Skeptics and Believers. Those who call themselves skeptics sometimes quote W. C. Clifford: "It is wrong, always and for everyone, to believe anything upon insufficient evidence." Unfortunately, Clifford gives no rational hint as to how many pieces of evidence total up to being sufficient. Thinkers strongly influenced by Popper's (and David Hume's) arguments against induction will be skeptical of Clifford's claim. Instead of advocating that we pile up sufficient positive evidence to prove or verify a belief, Popper offers an entire new way to think about testing our beliefs and corroborating them. I confess that I find Popper's epistemology more convincing than either the verificationists and conventionalists, on the one hand, or the dogmatists, on the other hand.

Furthermore, Popper's epistemology makes no fetish of either skepticism or faith. I know of no one who practices either wholesale skepticism or wholesale faith. All believers in certain claims are skeptics about rival claims. And all skeptics regarding some claims are believers regarding other claims. All of us, however, have pockets in our lives in which we would be better off if we showed more faith or trust. At the same time, there are pockets in which we would be better off if we trusted less--or at least shifted our faith to something or somebody more trustworthy. Trust and faith, like skepticism, are essential ingredients to human living. Skepticism per se is neither the enemy nor ally of faith per se, for the simple reason that neither exists.

Errors and the Search for Better Explanations. If to err is human, then Popper's philosophy may be regarded as perhaps the most thoroughgoing attempt to humanize the learning process, for he regards all learning as trial and error. Our mistakes in solving problems need not be viewed as failures but as a means for spawning still better solutions. This is especially true both when we try to learn how our mistakes were made and when we free our imagination to try out new conjectures.

Imagination and Intuition. The beauty of Popper's evolutionary theory of knowledge lies in its insistence that imagination and speculation are essential ingredients of the thinking process. Intuitions become a part of every variety of genuine thinking, including science, because they are accepted as trials rather than dogmas.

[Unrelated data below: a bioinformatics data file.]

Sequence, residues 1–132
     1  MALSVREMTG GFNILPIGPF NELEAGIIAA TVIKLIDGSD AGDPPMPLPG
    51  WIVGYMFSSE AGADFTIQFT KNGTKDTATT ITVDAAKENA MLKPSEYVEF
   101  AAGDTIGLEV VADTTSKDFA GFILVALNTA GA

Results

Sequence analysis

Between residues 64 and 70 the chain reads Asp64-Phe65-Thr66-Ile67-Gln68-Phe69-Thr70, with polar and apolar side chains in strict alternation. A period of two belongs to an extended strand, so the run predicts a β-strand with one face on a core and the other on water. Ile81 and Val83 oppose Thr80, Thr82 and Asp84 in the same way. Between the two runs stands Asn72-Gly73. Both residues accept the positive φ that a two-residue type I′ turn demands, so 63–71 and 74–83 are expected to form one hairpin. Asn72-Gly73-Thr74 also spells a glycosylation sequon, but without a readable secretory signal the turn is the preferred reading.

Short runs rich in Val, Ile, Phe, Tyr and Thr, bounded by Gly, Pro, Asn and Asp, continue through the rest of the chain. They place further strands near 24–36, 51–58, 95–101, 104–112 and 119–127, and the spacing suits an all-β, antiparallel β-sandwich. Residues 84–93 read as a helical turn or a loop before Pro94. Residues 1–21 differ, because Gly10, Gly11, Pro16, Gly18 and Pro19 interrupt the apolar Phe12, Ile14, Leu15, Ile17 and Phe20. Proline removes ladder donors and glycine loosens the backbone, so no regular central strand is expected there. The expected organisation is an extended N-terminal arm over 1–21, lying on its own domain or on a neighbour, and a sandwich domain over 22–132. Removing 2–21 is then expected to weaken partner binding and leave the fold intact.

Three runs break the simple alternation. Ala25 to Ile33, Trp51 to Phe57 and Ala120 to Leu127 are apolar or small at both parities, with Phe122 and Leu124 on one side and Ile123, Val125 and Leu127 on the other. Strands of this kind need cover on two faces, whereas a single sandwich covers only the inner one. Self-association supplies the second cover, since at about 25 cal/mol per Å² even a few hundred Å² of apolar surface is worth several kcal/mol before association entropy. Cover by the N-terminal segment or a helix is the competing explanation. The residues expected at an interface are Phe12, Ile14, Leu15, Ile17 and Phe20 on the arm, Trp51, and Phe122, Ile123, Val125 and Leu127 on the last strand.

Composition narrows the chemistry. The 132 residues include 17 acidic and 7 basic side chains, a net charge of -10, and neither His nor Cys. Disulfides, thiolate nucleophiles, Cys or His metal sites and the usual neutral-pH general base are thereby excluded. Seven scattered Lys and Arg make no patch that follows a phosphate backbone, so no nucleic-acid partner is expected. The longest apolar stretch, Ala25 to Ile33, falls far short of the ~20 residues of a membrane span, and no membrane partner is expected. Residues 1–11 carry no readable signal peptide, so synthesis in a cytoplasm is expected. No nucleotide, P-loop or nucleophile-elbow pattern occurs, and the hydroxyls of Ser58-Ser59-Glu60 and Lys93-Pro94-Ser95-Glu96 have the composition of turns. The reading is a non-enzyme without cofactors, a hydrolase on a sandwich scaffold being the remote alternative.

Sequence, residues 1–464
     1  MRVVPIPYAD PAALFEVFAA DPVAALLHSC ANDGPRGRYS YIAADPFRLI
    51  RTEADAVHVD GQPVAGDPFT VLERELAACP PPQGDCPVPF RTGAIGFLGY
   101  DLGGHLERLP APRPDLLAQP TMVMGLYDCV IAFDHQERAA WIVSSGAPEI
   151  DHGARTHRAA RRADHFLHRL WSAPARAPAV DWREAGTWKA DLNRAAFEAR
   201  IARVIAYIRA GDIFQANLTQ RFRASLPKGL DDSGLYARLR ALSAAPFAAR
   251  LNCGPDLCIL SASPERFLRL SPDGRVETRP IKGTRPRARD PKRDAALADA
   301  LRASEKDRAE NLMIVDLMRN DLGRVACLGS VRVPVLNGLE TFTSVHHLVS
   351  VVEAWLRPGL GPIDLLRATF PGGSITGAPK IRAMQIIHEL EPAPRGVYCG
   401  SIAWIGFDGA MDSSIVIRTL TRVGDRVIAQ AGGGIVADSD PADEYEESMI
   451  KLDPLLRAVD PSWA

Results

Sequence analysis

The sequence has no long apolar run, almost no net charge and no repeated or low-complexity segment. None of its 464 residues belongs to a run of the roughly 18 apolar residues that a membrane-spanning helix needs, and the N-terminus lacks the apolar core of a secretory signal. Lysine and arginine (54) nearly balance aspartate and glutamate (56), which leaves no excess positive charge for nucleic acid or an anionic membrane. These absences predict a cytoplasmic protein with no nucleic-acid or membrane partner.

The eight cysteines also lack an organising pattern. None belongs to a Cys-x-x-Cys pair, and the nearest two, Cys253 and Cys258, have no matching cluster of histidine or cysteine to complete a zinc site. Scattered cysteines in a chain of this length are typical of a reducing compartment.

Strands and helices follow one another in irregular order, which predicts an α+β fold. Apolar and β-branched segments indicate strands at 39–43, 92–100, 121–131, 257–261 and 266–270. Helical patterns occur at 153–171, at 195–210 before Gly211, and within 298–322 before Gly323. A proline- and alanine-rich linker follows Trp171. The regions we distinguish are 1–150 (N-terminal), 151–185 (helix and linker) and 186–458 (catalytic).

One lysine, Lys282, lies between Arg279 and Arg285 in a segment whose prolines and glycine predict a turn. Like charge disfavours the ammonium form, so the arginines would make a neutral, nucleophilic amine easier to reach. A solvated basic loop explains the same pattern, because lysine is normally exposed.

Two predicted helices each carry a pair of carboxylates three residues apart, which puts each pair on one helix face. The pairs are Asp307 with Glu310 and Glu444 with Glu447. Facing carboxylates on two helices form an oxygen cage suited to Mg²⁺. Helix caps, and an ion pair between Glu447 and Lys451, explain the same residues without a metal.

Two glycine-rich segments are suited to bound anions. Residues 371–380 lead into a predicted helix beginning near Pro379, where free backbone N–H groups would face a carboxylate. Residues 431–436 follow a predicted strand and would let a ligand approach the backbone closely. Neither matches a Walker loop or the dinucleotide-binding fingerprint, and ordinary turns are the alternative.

Most of our scientific intuitions and conjectures have proved to be unsatisfactory. But Popper argues that some falsified theories have contributed more to the growth of science than have safe, shallow theories that no one has bothered to falsify. Science needs fruitful and falsifiable hypotheses that not only venture into new territory but seemingly go counter to common sense. "Let your hypotheses die for you," Popper proclaimed. His epistemology is truly liberating, saying in effect that we should not worry about our theories cracking or collapsing because there are always more where they came from.

Creationism and Evolution. Creationists who insist on classifying their views as "scientific creationism" may not know what they are getting into. Do they really want to assert that creationism is falsifiable? Do they want to try to expose its weaknesses and flaws? Do they seek to correct and revise the doctrine? As is well known, creationists take great delight in pointing out that the theory of evolution is, after all, a theory. But this should pose no problem. All scientific theories are theories. Do creationists want to say that creationism is a theory? Do they want to say that the notion of the Bible as inerrant revelation is a theory?

If Popper's analysis is correct, then both evolution and creationism are theories. The real question has to do with how well they are articulated, how well they serve to advance further research, and how well they survive rigorous criticism. The overwhelming majority of biologists and anthropologists have found creationism to be a poor rival to evolution in the attempt to expand our knowledge. Contrary to what some creationists claim, scientists tend to favor evolution as an explanatory theory not because of some presupposition that blinds them to the truth but, rather, because it is scientifically more fruitful than creationism and enjoys greater explanatory power.